The owner of the cycle hire centre should assess the suitability of staff to carry out cycle hire handovers. It is most important that the staff member is able to correctly assess the skills of the hirer in relation to the type of equipment he or she wishes to hire and is able to offer appropriate advice and assistance where necessary. A simple method of quality assurance is for a qualified member of staff to become ‘mentor' to those undergoing training and for the owner or senior manager to oversee the mentors work. Random checks can be carried out during training in progress.

 

Cycle Hire Operations - Assessing the customer Flowchart

 

At the start of a new hire season, it is important that all members of staff are fully trained in the use of any new equipment. A demonstration should be given by management and steps taken to ensure that all staff are fully briefed. If there are local changes to roads or paths, i.e. introduction of shared use, etc, then again, all staff should be fully briefed in order to advise customers accordingly. Any maps or instructions should reflect these changes. Updating staff should be part of the annual pre-season preparations and should form part of the manager/mentor sign off procedure.

Step 2: Processing the hirers

The final stage of the handover procedure is to brief all staff on the way that the company wants the customers to be processed from the time of arrival to riding away. The most important element is the quality audit trail as this provides evidence that a quality handover process has been carried out - keep a record of all the stages and get it signed for.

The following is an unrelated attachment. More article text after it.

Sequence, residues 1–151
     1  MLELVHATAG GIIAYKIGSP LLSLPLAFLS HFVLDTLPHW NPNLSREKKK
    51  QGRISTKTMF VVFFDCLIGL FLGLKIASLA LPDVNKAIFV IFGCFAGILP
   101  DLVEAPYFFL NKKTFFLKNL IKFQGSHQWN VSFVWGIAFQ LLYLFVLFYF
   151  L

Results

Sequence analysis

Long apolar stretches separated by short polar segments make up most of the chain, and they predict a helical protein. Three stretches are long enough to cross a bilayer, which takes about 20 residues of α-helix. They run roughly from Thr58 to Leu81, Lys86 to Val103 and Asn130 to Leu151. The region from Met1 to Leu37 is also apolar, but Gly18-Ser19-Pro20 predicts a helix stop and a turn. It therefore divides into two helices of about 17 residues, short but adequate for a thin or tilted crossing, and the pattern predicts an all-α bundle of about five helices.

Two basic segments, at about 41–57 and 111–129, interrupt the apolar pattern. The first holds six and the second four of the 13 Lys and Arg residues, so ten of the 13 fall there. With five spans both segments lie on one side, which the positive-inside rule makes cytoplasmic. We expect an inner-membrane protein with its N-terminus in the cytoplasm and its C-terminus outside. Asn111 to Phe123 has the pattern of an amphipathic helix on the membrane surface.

Some information will be known in advance from pre-booking forms and one person should be responsible for compiling a daily list of expected customers. Your customer handling process may include a standard welcome procedure, guidance to a safe parking facility and indication to customer comforts such as toilets, changing facilities, refreshments etc. This should be followed by an introduction to the handover staff, selection of the equipment plus administration duties such as contracts, return times, etc.

Basic procedures can be based as follows: 

Action Responsibility Audit trial
Customers arrives on site,
welcome procedure initiated
Reception or
admin staff
Time of arrival and number in
party logged
Pre booking details checked,
parents or guardians of children
identified
Admin
Log any new requirements
Verify equipment required, take
deposit and payment. Give maps
and any general information
required
Admin
Log and pass to handover staff
Ascertain party leader and brief as
necessary. Assess ability of party
and offer training and advice as
necessary
Handover staff
Log safety checklist
Accompany party to training area
and remain until satisfied of safety
Handover staff
Log any training given

Handover completed. Return time
established

Handover staff
Log agreed times

 

 

 

 

 

 

 

 

 

 

 

 

 

 

 

 

 

 

The ultimate decision is whether or not the handover staff are satisfied with the hire party's ability to use the hire equipment safely and in a satisfactory manner. Where the handover staff are not satisfied, management intervention may be required to agree an appropriate course of action.

Whatever decision is taken, it is vital to make appropriate entries in the log to maintain the quality audit trail.

Step 3: Providing information